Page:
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This year’s online Bloomsday seminar via Facebook was a global conversation in the privacy of our own screens. Each of the eighteen short films, released online by Bloomsday in Melbourne at the hour set for each episode, were treated as the ‘papers’ to prompt online discussion. Episode 11 included contributions by Steve Carey, Sian Cartwright, Carly Ellis, Frances Devlin Glass, Sabia Mac Aodha, Margaret Newman, and Carol O’Connor, whose initials appear where their thoughts are represented in these analecta.

In the beginning, or very soon after, there was a sound poem. We are still listening to the flow and fragment and feel of that sound poem. These particles of sentences and words and letters are but the compression of the sound poem into our present. We hear them in the city, in some crowded space, or anywhere like a woodland, an iso-bar, and can hardly believe our ears.

Joyce signals in unusual ways things that will be described more fully later. Buck’s send-up of Stephen’s Shakespeare theory early in the story heralds the complete exposition of the theory itself, later in the Library. Inexplicable noises that we meet at the start of the bar scene at the Great Ormond Hotel are found in their full context as the full scene unfolds. They are everywhere, expanding and fluttering through the windows. By the time of the brothel scene and then Molly’s monologue, this pointed connection of words and sounds works in retrospect, as we hear the connections again, but from a different vantage point and with changing tones and inflections.

The word ‘jingle’ is used in relation to Blazes Boylan earlier in the story. (FDG) We hear it in Molly’s bedroom scenes. It is one of a number of words in the novel that are carefully used to signal resonances in the reader and connections of meaning. The happy word ‘jingle’ connotes anything but happiness for Bloom at this juncture. Sad song for a ‘jingle’.

The refrain “Sweetheart, goodbye” picks up on Bloom’s fears of cuckoldry. (Sian) Song lyric turns that way. What was discovered in bloom as a delight may, by a simple turn of time, become cause for sorrow, the song now a reminder of that which is lost.

Every episode pushes the boundaries of readers’ expectations a bit more, but if we had to identify where push comes to shove, so to speak, it’s the Great Ormond Hotel. The author gives no signs, no explanations about what’s happening. It’s the point where Bloom is really starting to crack, but it’s the most musical (literally) of moments, full of music. Inexplicable, the sound poem opening must have surprised in 1922 and even today is both beautiful and somewhat formidable.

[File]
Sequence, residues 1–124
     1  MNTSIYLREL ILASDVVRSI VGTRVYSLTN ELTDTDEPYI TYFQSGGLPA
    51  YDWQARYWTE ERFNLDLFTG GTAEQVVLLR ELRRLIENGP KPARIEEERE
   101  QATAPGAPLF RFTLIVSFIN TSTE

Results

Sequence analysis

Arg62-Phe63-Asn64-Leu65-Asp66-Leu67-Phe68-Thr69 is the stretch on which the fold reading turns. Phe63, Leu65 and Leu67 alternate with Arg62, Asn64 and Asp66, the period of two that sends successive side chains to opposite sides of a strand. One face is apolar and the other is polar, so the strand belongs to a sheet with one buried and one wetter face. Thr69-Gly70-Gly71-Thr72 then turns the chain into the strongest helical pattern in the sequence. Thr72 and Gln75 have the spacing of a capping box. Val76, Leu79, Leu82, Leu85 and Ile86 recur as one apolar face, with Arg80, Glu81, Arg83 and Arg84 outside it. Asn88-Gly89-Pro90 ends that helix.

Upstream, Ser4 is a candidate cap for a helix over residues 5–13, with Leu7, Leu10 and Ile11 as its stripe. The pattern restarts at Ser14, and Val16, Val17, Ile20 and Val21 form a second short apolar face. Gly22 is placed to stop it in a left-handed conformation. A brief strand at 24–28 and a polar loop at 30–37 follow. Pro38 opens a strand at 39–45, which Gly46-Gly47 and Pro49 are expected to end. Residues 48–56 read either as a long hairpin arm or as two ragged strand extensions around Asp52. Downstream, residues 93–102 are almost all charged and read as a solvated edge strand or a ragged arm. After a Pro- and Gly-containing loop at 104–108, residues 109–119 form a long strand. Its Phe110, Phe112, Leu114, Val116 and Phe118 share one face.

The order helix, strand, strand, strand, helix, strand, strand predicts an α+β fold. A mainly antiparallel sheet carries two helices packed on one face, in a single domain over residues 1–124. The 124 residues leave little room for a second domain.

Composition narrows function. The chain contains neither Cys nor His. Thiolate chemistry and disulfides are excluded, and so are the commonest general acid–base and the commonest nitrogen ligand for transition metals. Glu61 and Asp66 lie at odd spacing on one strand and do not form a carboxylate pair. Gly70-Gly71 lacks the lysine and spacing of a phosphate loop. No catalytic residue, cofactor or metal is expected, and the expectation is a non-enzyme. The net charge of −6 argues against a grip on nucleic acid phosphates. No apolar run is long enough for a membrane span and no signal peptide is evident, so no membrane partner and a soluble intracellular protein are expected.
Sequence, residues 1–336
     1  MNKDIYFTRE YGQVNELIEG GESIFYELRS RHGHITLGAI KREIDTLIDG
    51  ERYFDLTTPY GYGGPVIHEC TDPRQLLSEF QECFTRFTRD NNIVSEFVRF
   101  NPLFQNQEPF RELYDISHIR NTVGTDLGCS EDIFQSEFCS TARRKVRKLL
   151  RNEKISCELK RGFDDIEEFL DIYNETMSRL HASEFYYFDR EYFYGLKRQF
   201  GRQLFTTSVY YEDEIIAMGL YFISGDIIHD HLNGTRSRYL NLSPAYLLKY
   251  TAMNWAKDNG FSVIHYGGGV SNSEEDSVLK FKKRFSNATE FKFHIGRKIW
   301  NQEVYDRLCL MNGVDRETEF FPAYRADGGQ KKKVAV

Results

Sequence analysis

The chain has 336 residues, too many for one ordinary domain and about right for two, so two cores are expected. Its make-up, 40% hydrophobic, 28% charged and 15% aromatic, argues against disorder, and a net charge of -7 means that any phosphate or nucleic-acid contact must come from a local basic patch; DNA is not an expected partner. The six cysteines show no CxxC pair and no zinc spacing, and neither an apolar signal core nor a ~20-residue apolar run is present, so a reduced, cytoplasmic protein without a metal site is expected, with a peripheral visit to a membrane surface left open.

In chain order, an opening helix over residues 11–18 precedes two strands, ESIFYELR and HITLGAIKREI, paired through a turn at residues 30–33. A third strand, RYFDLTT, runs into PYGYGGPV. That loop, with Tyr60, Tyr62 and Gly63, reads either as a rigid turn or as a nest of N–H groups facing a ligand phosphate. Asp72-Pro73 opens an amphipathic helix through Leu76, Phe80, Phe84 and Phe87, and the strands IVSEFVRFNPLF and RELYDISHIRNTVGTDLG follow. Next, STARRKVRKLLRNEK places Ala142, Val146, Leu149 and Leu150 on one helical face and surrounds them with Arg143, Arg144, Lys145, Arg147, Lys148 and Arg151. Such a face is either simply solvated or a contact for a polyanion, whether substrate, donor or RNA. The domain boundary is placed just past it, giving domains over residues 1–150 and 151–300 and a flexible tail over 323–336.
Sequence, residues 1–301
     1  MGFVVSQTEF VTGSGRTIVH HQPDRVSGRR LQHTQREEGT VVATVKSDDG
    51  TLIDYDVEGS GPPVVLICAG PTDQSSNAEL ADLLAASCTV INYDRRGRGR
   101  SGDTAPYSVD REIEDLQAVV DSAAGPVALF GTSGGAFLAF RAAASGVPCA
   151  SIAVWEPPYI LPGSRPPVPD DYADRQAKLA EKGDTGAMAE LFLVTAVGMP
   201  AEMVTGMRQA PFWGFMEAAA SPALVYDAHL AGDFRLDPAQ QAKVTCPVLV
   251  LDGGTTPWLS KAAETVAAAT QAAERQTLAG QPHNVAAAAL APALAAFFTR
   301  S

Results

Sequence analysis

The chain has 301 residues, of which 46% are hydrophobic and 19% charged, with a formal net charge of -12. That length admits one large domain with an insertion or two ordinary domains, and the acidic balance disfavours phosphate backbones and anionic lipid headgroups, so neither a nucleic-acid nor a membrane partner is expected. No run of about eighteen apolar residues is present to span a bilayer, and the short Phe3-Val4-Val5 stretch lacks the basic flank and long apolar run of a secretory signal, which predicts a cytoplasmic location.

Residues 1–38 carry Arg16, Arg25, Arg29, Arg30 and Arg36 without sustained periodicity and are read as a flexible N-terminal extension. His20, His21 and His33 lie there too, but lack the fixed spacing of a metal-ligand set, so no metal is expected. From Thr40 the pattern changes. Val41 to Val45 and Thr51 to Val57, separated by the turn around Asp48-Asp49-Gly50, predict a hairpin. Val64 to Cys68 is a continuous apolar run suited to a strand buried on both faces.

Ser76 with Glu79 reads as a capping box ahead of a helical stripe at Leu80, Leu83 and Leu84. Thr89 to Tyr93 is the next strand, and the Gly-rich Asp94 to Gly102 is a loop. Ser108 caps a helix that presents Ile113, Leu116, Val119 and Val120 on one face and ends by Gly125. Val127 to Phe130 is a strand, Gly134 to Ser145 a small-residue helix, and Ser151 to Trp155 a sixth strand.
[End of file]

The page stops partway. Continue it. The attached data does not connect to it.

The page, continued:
Bloom’s own response is the word music going around in his head, making him dizzy with love words and love of words. Oh, the language of love. (CO)

‘Flood of warm jamjam.’ Bloom’s nostalgic love, resistant. Bloom in musical prose and syncopation, with singing elements. He never lost for she’s not gone. Meanwhile, an engagement in hypnotic revelry, rich allusion, and comfort. (MN) Yes, he never lost for she’s not gone. His love proves resistant to the present predicament, the immediate sense of loss. For even now, Bloom is already moving circuitously homeward. Homeward still, for he never lost for she’s not gone.

‘He smiled at bronze’s teabathed lips, at listening lips and eyes.’ The senses pervade, they swap roles and act as servants for each other, alive in the verisimilitude that Joyce would have us know as the Great Ormond Hotel.
Musemathematics. At which point on any given page do we say there is more Joyce than Bloom in that sentence? One scoffs at the literary critic who calls Bloom uneducated. There sits Bloom, in a crowded bar, far from the rooms of isolation, musing on the connections between music and mathematics, even as he absorbs the narcotic known as music to soften his own pain. Uneducated, indeed.

Musemathematics. We ponder the connections between music and mathematics, even as we resign ourselves to being hopeless at both. They are both languages guided by patterns and rules. (Sian) Music is not just time and rhythm, but understanding that the possibilities are endless: infinity, imagination, an ever-expanding universe. (SMA)

Musemathematics. But then wonder how much is the recorded thoughts in plain English at work in his mind. How much the passing sign, the glimmer of what goes on in his mind, made temporarily visible by words alone on the page of the novel. How much is Joyce’s words of what Joyce wants us to think is Bloom is thinking amid the sensuality of the present.

Musicians: a cupboard of instruments and a mad sketchbook of video plans. (CE) Photographers: a space between and chosen angles that will revisit their undarkening room. Actors: a closet of use-by finery and a dialogue of loose-fitting closeness. Writers: a ghost of vocabulary and a whole landscape of incorruptible syllables. Sculptors: a backyard of unrefused refuse and an installation of volcanic innuendo. &c. 


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